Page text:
translation


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Translation

When a parent-subsidiary relationship exists between two companies in different countries using different currencies, the act or practice of changing the financial statements of the subsidiary to conform to the accounting standards of the parent's country, as well as re-denominating the subsidiary's currency into the parent's currency. According to the Generally Accepted Accounting Principles in the United States, the translation of a foreign currency to U.S. dollars must be accurate as of the date on the financial statement. If there have been substantial changes to the exchange rate since that date, the consolidated financial statement must note this.

translation

The expression of amounts denominated in one currency in terms of another currency by using the rate at which two currencies are exchanged. For example, a firm with foreign operations might express sales made in German marks in terms of U.S. dollars. Also called foreign currency translation.
References in classic literature ?
In my "Authoress of the Odyssey" I thought "Jutland" would be a suitable translation, but it has been pointed out to me that "Jutland" only means the land of the Jutes.
I have therefore with some diffidence ventured to depart from the received translation of [Greek] (cf.
152} Translation very uncertain; vide Liddell and Scott, under
160} The normal translation of the Greek word would be "holding back," "curbing," "restraining," but I cannot think that the writer meant this--she must have been using the word in its other sense of "having," "holding," "keeping," "maintaining.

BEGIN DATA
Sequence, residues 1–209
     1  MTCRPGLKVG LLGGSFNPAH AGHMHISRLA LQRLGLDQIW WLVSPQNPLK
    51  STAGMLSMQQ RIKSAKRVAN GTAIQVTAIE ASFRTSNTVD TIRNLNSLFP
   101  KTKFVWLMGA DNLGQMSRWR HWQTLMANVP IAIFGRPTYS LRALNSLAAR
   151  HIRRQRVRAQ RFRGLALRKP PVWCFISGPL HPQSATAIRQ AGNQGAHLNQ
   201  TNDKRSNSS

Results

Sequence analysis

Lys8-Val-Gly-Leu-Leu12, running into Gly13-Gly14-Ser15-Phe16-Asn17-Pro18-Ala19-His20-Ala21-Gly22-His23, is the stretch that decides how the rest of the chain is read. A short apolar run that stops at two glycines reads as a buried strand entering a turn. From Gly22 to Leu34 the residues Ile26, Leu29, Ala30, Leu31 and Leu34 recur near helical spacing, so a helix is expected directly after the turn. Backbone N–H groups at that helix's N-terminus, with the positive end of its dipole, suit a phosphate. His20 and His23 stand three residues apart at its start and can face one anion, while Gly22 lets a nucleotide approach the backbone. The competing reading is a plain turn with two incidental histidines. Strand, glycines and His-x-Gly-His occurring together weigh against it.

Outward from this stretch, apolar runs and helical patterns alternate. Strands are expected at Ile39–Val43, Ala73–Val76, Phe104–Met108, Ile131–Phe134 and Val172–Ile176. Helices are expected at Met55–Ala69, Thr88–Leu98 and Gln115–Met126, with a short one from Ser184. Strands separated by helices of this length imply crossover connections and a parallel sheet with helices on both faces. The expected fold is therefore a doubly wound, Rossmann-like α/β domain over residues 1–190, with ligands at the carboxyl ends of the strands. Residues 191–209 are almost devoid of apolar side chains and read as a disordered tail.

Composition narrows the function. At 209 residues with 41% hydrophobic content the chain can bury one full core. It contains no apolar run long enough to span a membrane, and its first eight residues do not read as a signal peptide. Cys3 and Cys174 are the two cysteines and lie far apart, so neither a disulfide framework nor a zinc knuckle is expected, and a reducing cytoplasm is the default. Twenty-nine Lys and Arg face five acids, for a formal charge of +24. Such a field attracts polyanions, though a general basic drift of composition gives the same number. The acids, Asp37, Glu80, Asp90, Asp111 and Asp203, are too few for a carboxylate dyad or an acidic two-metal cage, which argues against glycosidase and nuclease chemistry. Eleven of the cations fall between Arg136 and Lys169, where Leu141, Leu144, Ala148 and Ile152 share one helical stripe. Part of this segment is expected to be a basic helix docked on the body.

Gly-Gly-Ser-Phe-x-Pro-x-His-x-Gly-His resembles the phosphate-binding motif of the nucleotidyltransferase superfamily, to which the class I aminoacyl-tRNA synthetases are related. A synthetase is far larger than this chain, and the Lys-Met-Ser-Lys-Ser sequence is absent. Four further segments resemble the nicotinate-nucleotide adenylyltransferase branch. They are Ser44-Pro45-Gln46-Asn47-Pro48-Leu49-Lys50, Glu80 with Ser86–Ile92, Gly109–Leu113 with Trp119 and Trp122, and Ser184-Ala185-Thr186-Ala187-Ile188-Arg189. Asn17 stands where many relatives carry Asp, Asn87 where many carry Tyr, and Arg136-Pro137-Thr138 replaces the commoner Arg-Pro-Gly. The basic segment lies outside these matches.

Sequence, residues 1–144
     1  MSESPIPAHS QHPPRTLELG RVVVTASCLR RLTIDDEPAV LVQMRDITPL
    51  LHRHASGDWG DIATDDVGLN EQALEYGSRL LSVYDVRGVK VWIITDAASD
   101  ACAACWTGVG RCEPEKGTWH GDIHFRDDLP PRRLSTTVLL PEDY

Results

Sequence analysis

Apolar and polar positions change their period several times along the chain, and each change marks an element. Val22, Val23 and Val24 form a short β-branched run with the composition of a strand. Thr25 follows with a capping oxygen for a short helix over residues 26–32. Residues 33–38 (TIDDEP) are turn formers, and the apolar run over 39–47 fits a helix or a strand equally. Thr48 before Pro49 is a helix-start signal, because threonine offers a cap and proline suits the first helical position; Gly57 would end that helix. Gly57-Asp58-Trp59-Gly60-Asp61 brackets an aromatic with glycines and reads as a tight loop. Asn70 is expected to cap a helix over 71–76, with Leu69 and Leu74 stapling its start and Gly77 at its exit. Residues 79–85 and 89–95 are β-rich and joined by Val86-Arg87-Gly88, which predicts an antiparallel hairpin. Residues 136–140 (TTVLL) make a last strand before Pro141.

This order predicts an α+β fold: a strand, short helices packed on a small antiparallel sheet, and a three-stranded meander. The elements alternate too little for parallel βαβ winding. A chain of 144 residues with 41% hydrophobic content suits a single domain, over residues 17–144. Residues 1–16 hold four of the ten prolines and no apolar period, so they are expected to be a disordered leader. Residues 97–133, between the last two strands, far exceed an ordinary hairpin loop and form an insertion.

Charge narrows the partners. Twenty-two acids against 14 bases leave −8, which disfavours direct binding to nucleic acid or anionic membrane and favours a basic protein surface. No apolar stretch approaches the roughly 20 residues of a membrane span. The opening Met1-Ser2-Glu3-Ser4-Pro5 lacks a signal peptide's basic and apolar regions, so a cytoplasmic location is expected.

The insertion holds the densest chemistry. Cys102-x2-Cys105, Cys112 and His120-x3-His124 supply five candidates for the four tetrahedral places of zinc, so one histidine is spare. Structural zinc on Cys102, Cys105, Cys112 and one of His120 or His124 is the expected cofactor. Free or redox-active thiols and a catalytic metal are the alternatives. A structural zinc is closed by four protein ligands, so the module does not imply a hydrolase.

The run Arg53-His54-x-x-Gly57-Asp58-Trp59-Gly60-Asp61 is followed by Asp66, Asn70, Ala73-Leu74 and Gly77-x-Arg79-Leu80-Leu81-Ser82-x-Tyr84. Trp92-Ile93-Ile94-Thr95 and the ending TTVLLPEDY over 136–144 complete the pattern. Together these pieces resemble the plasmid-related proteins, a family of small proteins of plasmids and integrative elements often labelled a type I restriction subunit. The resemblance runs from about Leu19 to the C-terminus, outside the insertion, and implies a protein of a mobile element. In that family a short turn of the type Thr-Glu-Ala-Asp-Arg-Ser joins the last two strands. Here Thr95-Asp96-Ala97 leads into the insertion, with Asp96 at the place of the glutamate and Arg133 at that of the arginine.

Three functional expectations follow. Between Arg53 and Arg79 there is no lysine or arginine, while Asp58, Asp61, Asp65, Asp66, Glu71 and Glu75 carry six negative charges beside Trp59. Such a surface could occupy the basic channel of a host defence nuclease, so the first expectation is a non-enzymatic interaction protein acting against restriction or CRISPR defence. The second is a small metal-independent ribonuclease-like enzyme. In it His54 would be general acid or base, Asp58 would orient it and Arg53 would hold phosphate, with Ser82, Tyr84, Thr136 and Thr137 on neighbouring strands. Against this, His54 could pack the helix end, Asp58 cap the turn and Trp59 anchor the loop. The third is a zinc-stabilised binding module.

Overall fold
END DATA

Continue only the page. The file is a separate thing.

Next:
ENGLISH TRANSLATIONS OF ONE OR MORE WORKS: De Anima (with Parva Naturalia), by W.
A London firm made arrangements by cable for an English edition, and hot-footed upon this came the news of French, German, and Scandinavian translations in progress.
Sometimes even in translation the rhyme may be kept, as:--
Of translations of Hesiod the following may be noticed: -- "The Georgicks of Hesiod", by George Chapman, London, 1618; "The Works of Hesiod translated from the Greek", by Thomas Coocke, London,
Planudes may have invented some few fables, or have inserted some that were current in his day; but there is an abundance of unanswerable internal evidence to prove that he had an acquaintance with the veritable fables of Aesop, although the versions he had access to were probably corrupt, as contained in the various translations and disquisitional exercises of the rhetoricians and philosophers.
translation," muttered Raskolnikov from the stairs.
Tyndale's New Testament and other translations of the Bible.